Scheduling a Sales Ride-Along


One of the best ways for a sales manager to see how well his salespeople actually sell is to go along with them on a few appointments and observe them in action. These ride-alongs can either be highly productive or a total disaster, depending on how you as a sales manager handle the situation.

First, you should set the salesperson's expectations well in advance. As a rule, sales ride-alongs will take one of three forms: the manager is a passive observer only, the manager does all the selling while the salesperson observes, or both parties become actively involved in the day's appointments. Whichever approach you choose, be sure to let the salesperson know so that he'll be ready for your involvement or lack of it.

Next, you should establish the schedule for the day's activities far enough in advance so that the salesperson can prepare appropriately. For example, you might decide to ask him to make thirty cold calls and attend two appointments on ride-along day. In that case, having plenty of lead time gives him the opportunity to set up two solid appointments and clear his schedule for that cold calling.

When you get to the actual appointments, it's a good idea to tell the prospect what's going on as well as explaining your planned level of involvement. This keeps the prospect's attention focused on the person doing the actual selling, and he won't be wasting his time wondering why the heck you're there.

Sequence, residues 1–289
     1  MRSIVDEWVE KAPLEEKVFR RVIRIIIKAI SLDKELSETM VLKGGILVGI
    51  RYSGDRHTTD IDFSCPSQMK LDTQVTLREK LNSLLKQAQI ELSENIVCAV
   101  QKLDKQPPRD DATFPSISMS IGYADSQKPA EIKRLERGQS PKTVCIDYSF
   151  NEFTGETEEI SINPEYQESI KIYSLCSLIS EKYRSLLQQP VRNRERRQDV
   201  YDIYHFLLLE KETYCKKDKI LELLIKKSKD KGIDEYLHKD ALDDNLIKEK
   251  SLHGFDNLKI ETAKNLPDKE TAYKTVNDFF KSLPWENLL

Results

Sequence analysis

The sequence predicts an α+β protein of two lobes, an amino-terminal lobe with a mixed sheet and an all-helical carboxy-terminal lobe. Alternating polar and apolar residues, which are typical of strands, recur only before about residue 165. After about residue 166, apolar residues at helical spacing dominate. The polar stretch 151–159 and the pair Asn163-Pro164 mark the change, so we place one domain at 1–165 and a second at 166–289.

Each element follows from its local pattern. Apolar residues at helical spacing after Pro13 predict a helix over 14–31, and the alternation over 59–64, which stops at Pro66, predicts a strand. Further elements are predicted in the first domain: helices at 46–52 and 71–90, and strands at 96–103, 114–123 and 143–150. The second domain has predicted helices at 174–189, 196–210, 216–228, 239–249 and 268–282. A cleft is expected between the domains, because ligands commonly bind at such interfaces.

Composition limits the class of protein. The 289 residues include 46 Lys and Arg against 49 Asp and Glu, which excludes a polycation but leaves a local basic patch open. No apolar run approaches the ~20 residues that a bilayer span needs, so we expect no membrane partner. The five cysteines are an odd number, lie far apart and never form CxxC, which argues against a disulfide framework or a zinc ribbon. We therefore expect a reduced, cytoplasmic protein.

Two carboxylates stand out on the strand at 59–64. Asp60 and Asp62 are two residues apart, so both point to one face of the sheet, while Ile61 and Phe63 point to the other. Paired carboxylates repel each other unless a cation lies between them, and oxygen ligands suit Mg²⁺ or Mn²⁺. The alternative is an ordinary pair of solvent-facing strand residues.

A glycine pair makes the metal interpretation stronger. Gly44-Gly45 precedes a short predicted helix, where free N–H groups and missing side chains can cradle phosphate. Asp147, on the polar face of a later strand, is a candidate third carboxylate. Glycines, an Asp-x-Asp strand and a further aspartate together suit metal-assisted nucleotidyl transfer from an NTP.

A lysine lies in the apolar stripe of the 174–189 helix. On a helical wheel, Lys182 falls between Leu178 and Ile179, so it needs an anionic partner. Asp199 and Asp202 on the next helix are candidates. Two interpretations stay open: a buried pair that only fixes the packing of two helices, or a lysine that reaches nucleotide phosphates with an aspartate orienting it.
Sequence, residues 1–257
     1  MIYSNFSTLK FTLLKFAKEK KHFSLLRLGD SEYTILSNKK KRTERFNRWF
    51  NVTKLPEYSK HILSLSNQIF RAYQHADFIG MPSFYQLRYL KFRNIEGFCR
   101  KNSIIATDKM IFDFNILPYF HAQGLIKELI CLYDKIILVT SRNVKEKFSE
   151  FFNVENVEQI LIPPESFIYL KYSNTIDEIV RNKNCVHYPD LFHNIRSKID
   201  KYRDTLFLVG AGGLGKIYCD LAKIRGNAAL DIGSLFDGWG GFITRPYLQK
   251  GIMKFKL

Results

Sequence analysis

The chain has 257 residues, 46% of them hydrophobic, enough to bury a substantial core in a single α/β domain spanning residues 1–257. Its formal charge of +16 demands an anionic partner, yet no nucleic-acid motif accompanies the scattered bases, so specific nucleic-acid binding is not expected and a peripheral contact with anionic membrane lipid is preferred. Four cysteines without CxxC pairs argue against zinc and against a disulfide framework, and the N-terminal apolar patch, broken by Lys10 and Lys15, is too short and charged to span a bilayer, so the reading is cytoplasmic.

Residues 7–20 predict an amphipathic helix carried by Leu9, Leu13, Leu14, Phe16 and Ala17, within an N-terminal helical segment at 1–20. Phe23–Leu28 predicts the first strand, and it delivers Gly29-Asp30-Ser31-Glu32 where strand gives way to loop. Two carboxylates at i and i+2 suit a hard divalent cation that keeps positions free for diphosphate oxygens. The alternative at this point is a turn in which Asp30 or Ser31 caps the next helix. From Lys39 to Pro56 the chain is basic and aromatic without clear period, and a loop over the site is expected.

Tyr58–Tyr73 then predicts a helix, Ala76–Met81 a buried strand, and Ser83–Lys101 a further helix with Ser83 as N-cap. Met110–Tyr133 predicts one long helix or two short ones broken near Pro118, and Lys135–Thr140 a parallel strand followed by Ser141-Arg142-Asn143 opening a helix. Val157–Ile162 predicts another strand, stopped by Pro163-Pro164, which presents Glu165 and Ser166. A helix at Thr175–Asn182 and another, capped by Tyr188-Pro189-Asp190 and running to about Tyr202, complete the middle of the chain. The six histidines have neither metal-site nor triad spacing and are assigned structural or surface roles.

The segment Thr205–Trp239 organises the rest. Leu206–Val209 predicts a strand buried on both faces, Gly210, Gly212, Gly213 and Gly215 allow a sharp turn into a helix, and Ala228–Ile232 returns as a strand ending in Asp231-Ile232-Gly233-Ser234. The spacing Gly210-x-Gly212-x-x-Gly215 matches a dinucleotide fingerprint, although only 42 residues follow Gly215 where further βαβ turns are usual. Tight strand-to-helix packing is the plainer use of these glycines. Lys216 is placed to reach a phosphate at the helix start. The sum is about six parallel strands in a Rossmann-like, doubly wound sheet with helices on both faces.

Finally, give the salesperson your feedback right after the call or appointment ends. That way, you can talk about any issues while the memory is still fresh in both your minds. Remember that your role is to coach the salesperson and not to judge him. If you uncover glaring issues in someone's sales skills, it's an opportunity to help him improve those skills. And if you notice that he did something particularly well, be lavish in your praise.

Once you've discussed any issues you uncovered and given praise where it's due, you and your salesperson should decide on a measurable goal for him to achieve by a certain time. For instance, if she is great at setting appointments but has a hard time closing those prospects, you might decide on a goal of a 25% improvement in his close-to-appointment ratio within the next three months.
Wendy Connick
ABOUT THE AUTHOR
Wendy Connick> all articles
My first sales position was a summer job selling vacuum cleaners door-to-door. I continued through a variety of sales jobs ranging from retail sales for a storage company to selling bank products for a Fortune 500 financial institution.

As a small business owner, I now focuses on selling for my own company, Tailored Content, a website content provider. I write on a wide range of topics but my primary focus is sales and how to sell effectively.